Special thanks to pdf27 in addition to ferdb for his input on the A1123 and his offer to order some for all us State-side.
For more information on the A1123, see the second half of this
Not as easily speed controlled and a 120V relay (such as a pump relay) may be needed to switch the fan(s) on with your machine. Note, vibration isolation/isolators is essentially required to avoid a ton of vibration noise. Also, the A1123 has a metal frame/case and could present mounting issues due to its weight.
To the newbies, feel free to post questions! To this forum's core, feel free to comment on if you believe any aspect of this comparison to not be correct. If a fan is not on this list then it's probably not a quiet fan (e.g. Vantec anything-but-Stealth), but most assuredly go ahead and ask anyway, esp. if it is a more obscure fan or if the same fan is also marketed under a as of yet unknown to me different label.
Also, bear in mind there are multiple choices in quiet fans, but it would be extremely hard to say which is the 'quietest' as there are so many other factors like CFM, resistively, character of noise, technique of lower rpms, etc. In some cases 'hard-core' silence gurus simply have to agree to disagree and realize the variation in circumstances and a fans' attributal consistency. Things are less subjective in recent times now that there are many proper reviews
completed by MikeC and co (look for the fan roundups).
For you new guys having a hard time choosing
and don't want to undervolt, buy the Scythe Slipstream 800RPM
or the Nexus
, both very solid quiet fans at the default 12v, with the Slipstream edging out the Nexus. If you are willing to undervolt and/or want those extra rpms for whatever reason, the higher RPM versions of the S-Flex like the S-Flex SFF21E 1200rpm
or nowadays the Slipstream SY1225SL12M
is the route to take (I'm a fan of 1200RPMers @5-6v myself). For budget builds, the cheaper priced YateLoon D12SL-12
is choice now that in recent times they are common and gloriously affordable. Their quality control isn't as good as the cherry-picked Nexus fans, but their higher 1350rpm speed over the Nexus is perfect for running straight off a 5v line rather than a variable resistor. In general though, the superior and also reasonably affordable Slipstream is the route to take for all but the most budget of builds.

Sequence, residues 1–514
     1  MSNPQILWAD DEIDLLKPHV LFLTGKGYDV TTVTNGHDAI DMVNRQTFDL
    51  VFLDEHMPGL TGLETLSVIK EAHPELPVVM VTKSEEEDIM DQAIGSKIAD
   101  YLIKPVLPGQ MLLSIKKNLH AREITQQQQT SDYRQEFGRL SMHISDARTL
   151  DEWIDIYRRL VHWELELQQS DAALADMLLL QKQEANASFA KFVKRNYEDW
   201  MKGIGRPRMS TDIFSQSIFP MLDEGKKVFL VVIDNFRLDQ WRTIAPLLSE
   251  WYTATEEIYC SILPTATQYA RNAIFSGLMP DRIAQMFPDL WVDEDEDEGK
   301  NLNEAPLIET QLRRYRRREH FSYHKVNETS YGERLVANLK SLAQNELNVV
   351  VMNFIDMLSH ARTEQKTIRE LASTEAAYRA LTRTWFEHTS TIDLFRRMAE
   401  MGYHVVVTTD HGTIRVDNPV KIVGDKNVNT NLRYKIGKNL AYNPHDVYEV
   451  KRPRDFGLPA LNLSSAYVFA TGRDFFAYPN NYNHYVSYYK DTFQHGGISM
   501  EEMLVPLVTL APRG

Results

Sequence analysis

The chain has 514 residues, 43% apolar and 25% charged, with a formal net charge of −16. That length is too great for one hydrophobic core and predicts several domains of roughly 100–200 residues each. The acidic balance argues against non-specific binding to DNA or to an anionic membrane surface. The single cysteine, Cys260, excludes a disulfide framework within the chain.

If you have the electrical and perhaps modding know-how, room for a thicker fan, the need for higher pressure, and don't mind AC, by all means go for the Sunon!
Note: Most quieter computing guys will never need more CFM than ~1000rpm as half
that will often suffice with proper heatsinks, and there are numerous solid options mentioned above for the guys a little too timid to try undervolting right off. Still though, the Globe S1202512L-3M (archaic)
Scythe SFF21F or Slipstream 1600rpm are perfect for Delta screamer converts as their undervolted quiet potential is far better than most other fans with such 12v CFMs. The Sunon is perfect for heatercores or other high-restrictive environments, but you have to be prepared to take on its AC and AC-related undervolting issues.
Update June '07: Hard to believe this thread is 2.5years old now. We're starting to get serious lab results nowadays thanks to Mike & Co. A _big_ thanks to you guys! Be sure to check out the Fans and Controls article section for the latest testing results in this sector!
Edit 9-13-07: I have absolutely fallen in love with the S-Flex SFF21E 1200rpm for when you are willing to spend the premium over the wonderfully cheap D12SL-12 YLs. Recommended with a variable DC-voltage controller like the FanMate though.
Edit 2-28-08: Comments added for the excellent Slipstreams and reorganized a bit.
Edit 5-20-08: Official Slipstream Fan Roundup added and thread reorganized a bit.
Edit 7-9-09: Supplemental comments (black text) added, removed, and modified as needed. S-Flex comments clarified.